To lay one’s self open to few; always seek Thee, the beholder of the heart; Not to be carried about with every wind of words; but to wish that all things, both within and without us may go according to the pleasure of Thy will.  How secure it is for the keeping of heavenly grace to fly the sight of men; and not to seek those things which seem to cause admiration abroad; but with all diligence to follow that which brings amendment of life and fervour. To how many hath it been hurtful to have their virtue known and over-hastily praised.

How profitable indeed hath grace been kept with silence in this frail life! All which is a state of temptation and a warfare.

*****

Cheers

Joe

 

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Life in a small town, The Inner Struggle

The Octave of Easter and the importance of Reverence in the Liturgy …

“Crux Fidelis”, Benedictines of Mary, Queen of Apostles, from the album “Lent at Ephesus”, (2014)

Continued on from my last post. First of all it appears that that large noisy crowds from the Easter Sunday morning Mass were actually not Catholic, that is they actually were a couple of families worth of non-catholic visitors attending for the rather large Easter First Communion of a couple of kids who are Catholic. That kind of behaviour is perfectly normal for unchurched secular modernist “none’s” who have no clue about appropriate behaviour in a church or place of worship. This morning the reverence and quiet returned together with the more normal behaviour of the congregation absent the unchurched sports bar crowd.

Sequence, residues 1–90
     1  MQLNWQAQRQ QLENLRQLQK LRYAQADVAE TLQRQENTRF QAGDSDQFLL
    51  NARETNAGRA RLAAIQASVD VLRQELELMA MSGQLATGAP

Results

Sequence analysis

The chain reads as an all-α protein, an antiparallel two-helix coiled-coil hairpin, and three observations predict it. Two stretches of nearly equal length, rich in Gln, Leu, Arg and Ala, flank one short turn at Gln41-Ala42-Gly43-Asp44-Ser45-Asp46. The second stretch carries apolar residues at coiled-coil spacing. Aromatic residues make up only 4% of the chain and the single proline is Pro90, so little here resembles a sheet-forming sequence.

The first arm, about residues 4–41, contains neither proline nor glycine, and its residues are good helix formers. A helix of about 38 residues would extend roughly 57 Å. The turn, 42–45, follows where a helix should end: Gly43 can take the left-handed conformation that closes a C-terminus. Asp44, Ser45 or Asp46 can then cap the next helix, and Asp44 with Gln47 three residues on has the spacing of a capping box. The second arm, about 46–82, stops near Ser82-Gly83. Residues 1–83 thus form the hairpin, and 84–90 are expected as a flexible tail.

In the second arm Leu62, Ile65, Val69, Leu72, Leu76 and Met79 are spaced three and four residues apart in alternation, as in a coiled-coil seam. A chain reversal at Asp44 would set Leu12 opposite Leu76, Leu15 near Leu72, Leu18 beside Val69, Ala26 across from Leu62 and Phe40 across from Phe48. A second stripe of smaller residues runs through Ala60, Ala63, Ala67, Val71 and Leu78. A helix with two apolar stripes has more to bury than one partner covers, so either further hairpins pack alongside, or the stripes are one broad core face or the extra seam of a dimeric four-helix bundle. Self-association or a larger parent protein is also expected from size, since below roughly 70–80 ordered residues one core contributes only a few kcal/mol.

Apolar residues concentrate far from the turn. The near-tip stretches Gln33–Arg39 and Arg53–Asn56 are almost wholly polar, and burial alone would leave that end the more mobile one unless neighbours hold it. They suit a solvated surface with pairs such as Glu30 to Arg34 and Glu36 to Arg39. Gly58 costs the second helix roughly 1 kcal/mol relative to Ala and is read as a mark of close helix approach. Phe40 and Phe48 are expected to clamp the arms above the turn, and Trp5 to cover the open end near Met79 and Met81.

For the remainder, the regulars, the remnant, the Truth of our faith is that The Lord Jesus, on the night before he suffered on the cross, shared one last meal with his disciples. During this meal our Savior instituted the sacrament of his Body and Blood. He did this in order to perpetuate the sacrifice of the Cross throughout the ages and to entrust to the Church his Spouse a memorial of his death and resurrection. As the Gospel of Matthew tells us:

While they were eating, Jesus took bread, said the blessing, broke it, and giving it to his disciples said, “Take and eat; this is my body.” Then he took a cup, gave thanks, and gave it to them, saying, “Drink from it, all of you, for this is my blood of the covenant, which will be shed on behalf of many for the forgiveness of sins.” (Mt 26:26-28; cf. Mk 14:22-24, Lk 22:17-20, 1 Cor 11:23-25)

The Last Supper, Da Vinci, 1495-1498, oil/tempera on plaster, in the monastery of Santa Maria delle Grazie in Milan.